- A recent study suggests that consuming a serving of chicken soup before a meal might decrease your caloric intake by 20 percent, which can have potential benefits for managing obesity.
- A lifelong adherence to a vegetarian diet can significantly decrease the risk of developing colon cancer, as per another study.
- Electrical stimulation of the sacral nerve can aid patients with chronic constipation, leading to a significant improvement in their condition and quality of life.
- Intestinal cells, specifically mucosal enterochromaffin cells, might be potential targets for treatment of gastrointestinal diseases. These cells react to certain herbs and spices by releasing serotonin, an important neurotransmitter in the regulation of intestinal functions.
Initiating your meal with a serving of chicken soup might have the potential to decrease your caloric intake by 20 percent, new research suggests. The study is one among several discussed at a notable Digestive Disease Meet in Washington, D.C. Other research findings highlighted the beneficial effects of electrical stimulation of the sacral nerve on significant constipation, how longstanding vegetarian diets can lower the odds of colon cancer, and the possibility of unique intestinal cells being potential targets for curative methods for digestive issues.
Caloric Intake and Soup Consumption
In an intriguing study, Dr. D. D. Chen and her colleagues at Duke University have discovered that intake of about 160 caloric content of a rich soup, such as chicken soup, prior to dinner may decrease the amount of food further consumed by 20 percent. “This could have potential therapeutic value in dealing with obesity,” opines Chen.
The study involved giving soup to 12 normal-weight and 12 obese participants before a buffet pizza meal. Surprisingly, both groups showed a decrease in consumption post the soup serving. “A fatty soup appetizer seems to reduce food intake amongst both lean and obese subjects,” continues Chen. Yet, she also pointed out that a protein-based soup, which had no fats and was made from eggs in this experiment, did not bring about such a decrease in food intake.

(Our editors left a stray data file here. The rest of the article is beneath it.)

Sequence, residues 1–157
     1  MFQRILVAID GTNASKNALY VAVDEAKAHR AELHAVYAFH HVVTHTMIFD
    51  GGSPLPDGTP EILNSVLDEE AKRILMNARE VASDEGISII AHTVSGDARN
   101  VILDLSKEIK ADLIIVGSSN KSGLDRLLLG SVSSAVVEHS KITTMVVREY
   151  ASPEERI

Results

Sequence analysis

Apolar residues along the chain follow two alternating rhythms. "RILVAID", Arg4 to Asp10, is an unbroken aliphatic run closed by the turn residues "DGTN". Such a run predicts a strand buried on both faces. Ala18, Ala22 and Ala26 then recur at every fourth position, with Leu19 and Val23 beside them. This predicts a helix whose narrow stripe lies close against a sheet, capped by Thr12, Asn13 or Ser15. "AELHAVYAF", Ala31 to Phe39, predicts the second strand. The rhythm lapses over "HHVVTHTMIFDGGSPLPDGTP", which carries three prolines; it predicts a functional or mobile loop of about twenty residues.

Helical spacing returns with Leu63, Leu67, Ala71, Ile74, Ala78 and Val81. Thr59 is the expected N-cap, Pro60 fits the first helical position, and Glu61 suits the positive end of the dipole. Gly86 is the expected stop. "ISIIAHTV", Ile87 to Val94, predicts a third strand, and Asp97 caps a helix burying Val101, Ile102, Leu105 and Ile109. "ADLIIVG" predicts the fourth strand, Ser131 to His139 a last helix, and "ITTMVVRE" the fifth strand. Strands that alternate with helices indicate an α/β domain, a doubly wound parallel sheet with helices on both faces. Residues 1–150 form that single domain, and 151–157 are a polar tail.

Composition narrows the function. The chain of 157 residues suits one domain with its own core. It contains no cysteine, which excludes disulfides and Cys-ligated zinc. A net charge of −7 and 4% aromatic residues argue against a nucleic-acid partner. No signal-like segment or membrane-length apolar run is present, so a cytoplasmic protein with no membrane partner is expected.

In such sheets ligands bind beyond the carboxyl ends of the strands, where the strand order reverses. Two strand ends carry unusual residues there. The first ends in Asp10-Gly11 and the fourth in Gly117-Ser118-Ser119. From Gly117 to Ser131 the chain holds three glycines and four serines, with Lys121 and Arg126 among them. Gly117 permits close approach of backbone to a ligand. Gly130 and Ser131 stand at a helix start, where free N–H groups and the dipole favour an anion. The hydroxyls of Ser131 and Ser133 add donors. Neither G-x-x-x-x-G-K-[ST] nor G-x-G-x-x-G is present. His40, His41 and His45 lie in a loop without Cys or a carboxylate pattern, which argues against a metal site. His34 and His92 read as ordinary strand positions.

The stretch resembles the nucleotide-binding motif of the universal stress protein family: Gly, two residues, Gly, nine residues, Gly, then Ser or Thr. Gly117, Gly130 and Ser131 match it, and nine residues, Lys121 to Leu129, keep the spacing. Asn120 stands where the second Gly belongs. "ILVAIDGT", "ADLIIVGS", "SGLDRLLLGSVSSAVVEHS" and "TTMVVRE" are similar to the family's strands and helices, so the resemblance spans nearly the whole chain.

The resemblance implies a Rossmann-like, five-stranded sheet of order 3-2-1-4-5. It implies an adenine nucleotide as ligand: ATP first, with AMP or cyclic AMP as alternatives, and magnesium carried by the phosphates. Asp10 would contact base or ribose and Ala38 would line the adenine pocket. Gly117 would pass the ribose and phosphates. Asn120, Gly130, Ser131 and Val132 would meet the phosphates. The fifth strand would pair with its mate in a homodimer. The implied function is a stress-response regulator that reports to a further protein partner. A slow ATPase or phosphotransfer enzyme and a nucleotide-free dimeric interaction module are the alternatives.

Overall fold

Life-Long Vegetarianism And Colon Cancer Risk
In yet another interesting study by Dr. Y. Shastri and colleagues at Goethe University Hospital, Germany, it was found that a life-long vegetarianism seemed to show a considerable reduction in the risk of developing colon cancer. This study involved data collection from 9,700 participants, of which over 2,000 were vegetarians since birth. After five years of monitoring, fewer cases of colon cancer were observed amongst vegetarians as compared to non-vegetarians.
According to Shastri, “A vegetarian diet shows reduction in colon cancer risk only if it is a lifelong practice.” He concludes that the study provides evidence on how a lifelong vegetarian diet could aid in preventing colorectal cancer.
Sacral Nerve Stimulation And its Effects
Two additional studies presented at the same event discussed electrical sacral nerve stimulation to alleviate constipation, and the likelihood of specific cells in the intestines, named mucosal enterochromaffin cells, as being potential candidates for addressing digestive issues.
In the first, a team led by Dr. T. C. Dudding from St. Mark’s Hospital in London, UK, found that implanted electrodes stimulating the sacral nerve assisted patients suffering from chronic constipation that failed to find relief with other treatments. Following sacral nerve stimulation, patients experienced a significant improvement with constipation and enhancement in quality of life.
In the second study, Dr. P. Voland and colleagues from the Technical University of Munich, Germany, found that mucosal enterochromaffin cells reacted to certain herbs and spices, such as thyme, cloves, lily-of-the-valley, and brown algae, stimulating these cells to release serotonin, a neurotransmitter that regulates the functioning of the intestines and conditions such as vomiting, diarrhea, and irritable bowel syndrome. “These cells are a potential target for treating gastrointestinal diseases and other disorders,” concludes Voland.
For additional knowledge on digestive diseases, kindly visit the U.S. National Institute of Diabetes and Digestive and Kidney Diseases.